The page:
Before the creation of the modern day Martins Bank in 1928, the Bank of Liverpool and Martins has the district Head Office structure with which we are familiar, but it is arranged a little differently from the model that runs up to the 1969 Merger with Barclays. Manchester District is of course quite tiny in the years before the amalgamation with the Lancashire and Yorkshire Bank adds dozens of Manchester City and area offices, and it is run from the former Head Office of the Palatine Bank. There is also no district in Leeds – instead a collection of Yorkshire Branches are controlled by a Halifax District. On this page, we take a brief look at the structure of these two Districts, both of which face major reorganisation and relocation, and one of which faces a change of name …
Manchester - The District run from a Palace…
In 1919, the merger of the Palatine Bank’s Branches into the Bank of Liverpool and Martins gives the Bank its original Manchester District, with 22 Brown Street, the former Palatine Bank Head Office in charge as Manchester District Office for about nine years. Following the creation of Martins Bank Limited in 1928, the district grows several times over with the addition of well over one hundred Branches of the Lancashire and Yorkshire Bank. The location of that Bank’s former Head Office in Spring Gardens makes for a better placed District Office, and 22 Brown Street has to lose its status as the hub of Manchester District.
Brown Street does however remain a key Branch – it is home for a while to Manchester Foreign Branch, and right up to the 1969 Merger with Barclays, its Staff Dining Room caters for large numbers of staff in the City. Barclays soon realises the sheer cost of running this palatial building, and its days as a Bank come to an end in 1971. The Branches listings of the original 1919 Manchester District, as published in that year’s Annual Report and Accounts, provide a handy way of knowing exactly which ones came to the Bank of Liverpool and Martins as original offices of the Palatine Bank:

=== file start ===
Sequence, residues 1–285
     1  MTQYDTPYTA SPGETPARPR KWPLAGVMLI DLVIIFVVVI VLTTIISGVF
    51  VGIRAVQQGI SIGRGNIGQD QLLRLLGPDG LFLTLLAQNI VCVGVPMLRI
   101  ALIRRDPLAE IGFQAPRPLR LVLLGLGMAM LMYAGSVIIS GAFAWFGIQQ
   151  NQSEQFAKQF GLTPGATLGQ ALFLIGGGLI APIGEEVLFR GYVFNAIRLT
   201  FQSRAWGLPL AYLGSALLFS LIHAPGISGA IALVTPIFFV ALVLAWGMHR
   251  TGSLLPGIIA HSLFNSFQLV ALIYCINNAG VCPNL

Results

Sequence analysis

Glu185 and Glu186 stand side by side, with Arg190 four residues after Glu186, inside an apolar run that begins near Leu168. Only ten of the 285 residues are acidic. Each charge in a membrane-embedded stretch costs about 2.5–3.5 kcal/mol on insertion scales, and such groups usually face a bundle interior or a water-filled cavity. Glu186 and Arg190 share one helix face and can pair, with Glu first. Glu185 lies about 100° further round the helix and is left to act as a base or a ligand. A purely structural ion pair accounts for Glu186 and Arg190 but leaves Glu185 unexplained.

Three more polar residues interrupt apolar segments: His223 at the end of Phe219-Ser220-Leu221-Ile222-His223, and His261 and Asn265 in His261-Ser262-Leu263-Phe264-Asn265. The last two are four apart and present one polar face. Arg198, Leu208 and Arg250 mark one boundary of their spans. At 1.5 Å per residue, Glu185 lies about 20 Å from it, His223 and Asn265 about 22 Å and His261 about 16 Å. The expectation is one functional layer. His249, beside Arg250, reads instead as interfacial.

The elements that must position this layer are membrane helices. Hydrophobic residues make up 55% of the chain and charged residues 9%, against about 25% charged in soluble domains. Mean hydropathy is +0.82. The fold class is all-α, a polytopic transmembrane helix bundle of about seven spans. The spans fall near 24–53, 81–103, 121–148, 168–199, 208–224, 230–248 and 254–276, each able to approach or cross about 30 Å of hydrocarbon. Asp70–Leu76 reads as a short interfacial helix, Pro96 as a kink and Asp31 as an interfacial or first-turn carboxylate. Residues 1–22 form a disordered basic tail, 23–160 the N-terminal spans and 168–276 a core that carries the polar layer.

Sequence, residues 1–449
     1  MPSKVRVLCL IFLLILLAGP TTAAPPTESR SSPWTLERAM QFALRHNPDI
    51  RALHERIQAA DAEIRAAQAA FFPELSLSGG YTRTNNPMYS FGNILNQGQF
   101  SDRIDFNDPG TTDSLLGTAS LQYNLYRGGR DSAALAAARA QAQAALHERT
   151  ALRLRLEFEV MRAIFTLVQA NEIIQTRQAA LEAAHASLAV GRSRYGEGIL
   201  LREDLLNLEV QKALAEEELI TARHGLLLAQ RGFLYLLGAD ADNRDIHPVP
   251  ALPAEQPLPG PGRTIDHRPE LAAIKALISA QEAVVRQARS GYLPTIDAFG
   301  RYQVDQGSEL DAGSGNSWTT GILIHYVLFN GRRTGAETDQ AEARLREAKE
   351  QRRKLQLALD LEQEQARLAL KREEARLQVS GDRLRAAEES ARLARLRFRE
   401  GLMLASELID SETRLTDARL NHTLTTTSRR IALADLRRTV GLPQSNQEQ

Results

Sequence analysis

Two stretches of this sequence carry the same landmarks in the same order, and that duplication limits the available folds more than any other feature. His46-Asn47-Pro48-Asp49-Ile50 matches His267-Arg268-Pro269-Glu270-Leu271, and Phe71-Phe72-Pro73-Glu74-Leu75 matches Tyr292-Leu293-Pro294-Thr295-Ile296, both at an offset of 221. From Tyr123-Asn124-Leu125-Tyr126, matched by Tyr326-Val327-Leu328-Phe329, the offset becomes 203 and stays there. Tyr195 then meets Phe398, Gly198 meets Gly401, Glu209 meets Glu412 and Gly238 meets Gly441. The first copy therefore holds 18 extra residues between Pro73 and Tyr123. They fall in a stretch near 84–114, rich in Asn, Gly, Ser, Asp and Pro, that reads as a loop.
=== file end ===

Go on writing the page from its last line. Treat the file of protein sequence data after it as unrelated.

Extract from the Bank of Liverpool and Martins Annual Report and Accounts for 1919 © Barclays
Halifax – a district found, but lost again…
The establishment of a Halifax District in 1920 would seem to be an entirely sensible move, after all the Bank of Liverpool and Martins has just absorbed the Halifax Commercial Bank, including its former Head Office at 2 Silver Street, Halifax. At this time, the Bank has a much smaller connection with the city of Leeds. Like Manchester’s majestic Brown Street office, (but on a slightly smaller scale), Silver Street Halifax really does look the part, and easily takes on the role of the new District’s Chief Office. As the 1920s progress however, the new owners – The Bank of Liverpool and Martins – begin to have stronger ties with Leeds. Despite the misgivings of staff and management in Halifax, who had long cherished the idea of having their own District, it makes sense to create a new Leeds District. This will of course come at a price – the Bank cannot justify running two District offices so close together in control of a relatively small number of branches, and power is transferred to Leeds in 1927 when a hitherto rival Halifax Bank – the Equitable – is absorbed along with the Lancashire and Yorkshire Bank, creating the modern day Martins Bank. 2 Silver Street remains open as a Branch of the new Bank until the Second World War, when having been mothballed in 1940, it is closed permanently from 1946. Our Thanks to Steve Gee for this image of 2 Silver Street Branch in all its glory in 1930. The Branches listing of the original 1920 Halifax District, as published in that year’s Annual Report and Accounts, shows us the offices of the Halifax Commercial Bank that were subsumed by the Bank of Liverpool and Martins:
Extract from the Bank of Liverpool and Martins Annual Report and Accounts for 1920 © Barclays